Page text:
Pnau are almost certainly the most unknown album chart topper of 2012, as Peter Mayes and Nick Littlemore shared the No.1 spot in July with Elton John on their 'Good Morning To The Night' album. The Australian duo have a huge following in their homeland and, as two thirds of Empire Of The Sun, experienced huge international success alongside singer Luke Steele with their 2008 album, Walking On A Dream.
Now working on new material for Empire Of The Sun, Pnau, and planning further Elton John collaborations, we caught up with Peter Mayes in his Los Angeles apartment to discuss the success of Empire, why Pnau's last album 'didn't work', famous neighbours and why Barnes is as cool as living in LA...
So, with the success of 'Good Morning To The Night', are we right in thinking 2012 has been a good year for Pnau?
Yes. It's been really good actually. Especially in the UK. We've been flat out working, but we did a lot of work on the Mika record that's just come out, but the real highlight was the No.1 we had with Elton John, that was amazing. It was an incredible thing. It was just nice to finally have 'something' in the UK, something to hang your hat on I guess. We haven't haven't really had a lot of Pnau success there.
You had a No.1 UK album with Elton John earlier this year but little success with your own stuff. Why do you think we're so resistant to Pnau?
I don't know. It's not so much the British audience, I think our last record, Soft Universe, which wasn't really well received anywhere, even in Australia. It was probably something we felt we wanted to do - but it didn't really work. In the eyes of the public it wasn't really that exciting for them. It was worth a try for us to do, something more melodic with Nick Littlemore singing a lot, trying to do something we hadn't done before. We used the songwriting skills we'd built up over the years, but I guess it wasn't really Pnau in a way. I like a lot of the record, but it seems like too much of a departure from what we'd done before.
Watch Pnau's new single 'Solid Ground' below
Well, we're big fans of the album.
Well, you're the only ones! It was an experiment. It didn't really work but whatever. The Elton one worked, even though it was his music and the sources came from him, it wasn't like we were just doing straight up dance remixes - putting a beat under 'Tiny Dancer' or rapping over a loop - it was a very intricate, in depth process. It took a really long time. It may not sound like it took a long time, but it did. It's like an oil painting. Obviously we wanted to give something back to him - what do you give the guy who has everything? You give him the gift of music and that's all we had to give anyway. It's all we can do.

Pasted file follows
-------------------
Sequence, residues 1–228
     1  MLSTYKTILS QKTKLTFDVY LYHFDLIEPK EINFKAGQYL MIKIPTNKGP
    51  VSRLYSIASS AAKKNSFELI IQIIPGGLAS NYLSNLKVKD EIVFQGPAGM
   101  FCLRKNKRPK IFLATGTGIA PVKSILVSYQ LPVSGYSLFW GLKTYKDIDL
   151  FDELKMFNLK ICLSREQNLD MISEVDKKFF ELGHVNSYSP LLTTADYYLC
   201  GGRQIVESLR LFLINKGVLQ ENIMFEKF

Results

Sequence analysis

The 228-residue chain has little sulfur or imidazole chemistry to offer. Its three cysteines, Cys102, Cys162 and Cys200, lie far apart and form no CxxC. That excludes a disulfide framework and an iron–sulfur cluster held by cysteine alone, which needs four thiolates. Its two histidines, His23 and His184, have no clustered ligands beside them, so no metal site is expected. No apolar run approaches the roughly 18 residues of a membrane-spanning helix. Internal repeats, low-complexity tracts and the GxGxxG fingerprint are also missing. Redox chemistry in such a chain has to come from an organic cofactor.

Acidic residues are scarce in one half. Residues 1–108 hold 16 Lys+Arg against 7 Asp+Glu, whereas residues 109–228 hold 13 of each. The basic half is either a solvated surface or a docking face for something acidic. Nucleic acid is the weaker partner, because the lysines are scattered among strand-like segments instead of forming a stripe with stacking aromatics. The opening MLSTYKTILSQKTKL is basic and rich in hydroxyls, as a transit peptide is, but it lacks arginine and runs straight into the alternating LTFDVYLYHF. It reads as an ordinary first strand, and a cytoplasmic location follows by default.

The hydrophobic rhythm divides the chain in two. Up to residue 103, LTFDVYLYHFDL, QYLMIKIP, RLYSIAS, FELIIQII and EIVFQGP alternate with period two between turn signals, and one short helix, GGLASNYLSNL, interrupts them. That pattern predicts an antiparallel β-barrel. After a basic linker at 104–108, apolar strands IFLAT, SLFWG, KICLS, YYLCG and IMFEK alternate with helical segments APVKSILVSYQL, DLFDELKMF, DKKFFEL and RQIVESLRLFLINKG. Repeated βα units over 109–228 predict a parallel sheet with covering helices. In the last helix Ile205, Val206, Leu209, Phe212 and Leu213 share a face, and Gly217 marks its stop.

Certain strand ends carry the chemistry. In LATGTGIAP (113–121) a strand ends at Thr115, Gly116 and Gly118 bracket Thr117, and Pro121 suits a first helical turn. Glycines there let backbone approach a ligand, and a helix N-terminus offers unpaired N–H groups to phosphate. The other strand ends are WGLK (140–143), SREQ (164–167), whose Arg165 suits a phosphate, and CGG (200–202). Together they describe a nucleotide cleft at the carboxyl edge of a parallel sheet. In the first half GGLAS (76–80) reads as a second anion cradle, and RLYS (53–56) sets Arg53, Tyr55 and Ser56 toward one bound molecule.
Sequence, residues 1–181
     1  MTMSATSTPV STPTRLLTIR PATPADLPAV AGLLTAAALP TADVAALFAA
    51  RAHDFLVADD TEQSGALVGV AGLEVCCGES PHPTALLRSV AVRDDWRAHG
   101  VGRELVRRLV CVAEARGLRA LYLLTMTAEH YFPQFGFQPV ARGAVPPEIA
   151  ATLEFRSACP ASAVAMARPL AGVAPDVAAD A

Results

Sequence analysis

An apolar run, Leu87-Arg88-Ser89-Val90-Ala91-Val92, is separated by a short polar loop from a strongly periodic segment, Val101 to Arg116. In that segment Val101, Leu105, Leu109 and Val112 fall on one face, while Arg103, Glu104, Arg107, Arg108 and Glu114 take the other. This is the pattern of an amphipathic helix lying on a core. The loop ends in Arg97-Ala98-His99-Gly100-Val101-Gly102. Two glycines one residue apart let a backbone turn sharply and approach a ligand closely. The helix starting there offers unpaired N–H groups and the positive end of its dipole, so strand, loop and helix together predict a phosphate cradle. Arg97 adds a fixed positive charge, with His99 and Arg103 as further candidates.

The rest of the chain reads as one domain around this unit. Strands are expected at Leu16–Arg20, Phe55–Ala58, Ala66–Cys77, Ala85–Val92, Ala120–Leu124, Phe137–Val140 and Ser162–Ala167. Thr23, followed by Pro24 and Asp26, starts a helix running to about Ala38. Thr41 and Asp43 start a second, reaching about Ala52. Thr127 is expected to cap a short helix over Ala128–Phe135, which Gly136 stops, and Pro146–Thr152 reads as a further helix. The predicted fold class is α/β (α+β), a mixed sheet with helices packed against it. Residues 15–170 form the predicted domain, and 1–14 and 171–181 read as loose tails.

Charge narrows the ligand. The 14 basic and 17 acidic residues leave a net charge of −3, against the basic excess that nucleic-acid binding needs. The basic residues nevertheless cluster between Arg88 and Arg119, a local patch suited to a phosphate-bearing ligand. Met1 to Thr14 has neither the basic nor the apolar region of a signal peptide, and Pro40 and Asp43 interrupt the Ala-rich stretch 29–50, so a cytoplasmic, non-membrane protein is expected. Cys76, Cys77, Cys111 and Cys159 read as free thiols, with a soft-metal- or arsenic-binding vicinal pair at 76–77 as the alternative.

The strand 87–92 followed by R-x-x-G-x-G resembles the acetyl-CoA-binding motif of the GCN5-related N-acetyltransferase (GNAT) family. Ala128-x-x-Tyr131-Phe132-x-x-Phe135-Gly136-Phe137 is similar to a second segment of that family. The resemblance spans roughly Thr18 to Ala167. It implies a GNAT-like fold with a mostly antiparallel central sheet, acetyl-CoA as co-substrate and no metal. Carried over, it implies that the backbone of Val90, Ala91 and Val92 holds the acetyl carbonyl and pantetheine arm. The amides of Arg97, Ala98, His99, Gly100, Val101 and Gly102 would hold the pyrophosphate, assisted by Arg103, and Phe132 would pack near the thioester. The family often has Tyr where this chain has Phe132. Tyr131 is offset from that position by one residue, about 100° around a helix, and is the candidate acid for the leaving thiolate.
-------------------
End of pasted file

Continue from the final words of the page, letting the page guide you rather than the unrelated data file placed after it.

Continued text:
Are there any other artists you'd like to attempt a similar project with - or was one album of that scale enough for you?
We're actually doing another record with Elton. In fact, we're doing a couple of them but with a different era. We'll always be drawing from the seventies because that was such a good time for his music, but in the early eighties obviously the sound changed an awful lot and he went a lot more electronic. But in terms of other artists I would love to do it with other artists, like Bowie. Without making it sound like a greatest hits remix record, it would have to be with someone who had made a lot of music. That also made it harder with Elton because he had so many songs, but we had a lot to draw from and a lot to absorb.
What plans do you have for the next Pnau project?
Most of this year we've spent doing Elton and Mika, but we've been working on the new Empire Of The Sun record since last November and I am so excited about that right now. We're getting towards the end of that now. It is sounding amazing. It's really big. The last record is such a lot to follow up because it did so well all over the world and I guess our expectations are really high of ourselves, kind of like they were when we did the Elton record. There's a few of us involved in the project, so there's a lot of us to please, all very opinionated. But that's doing really well.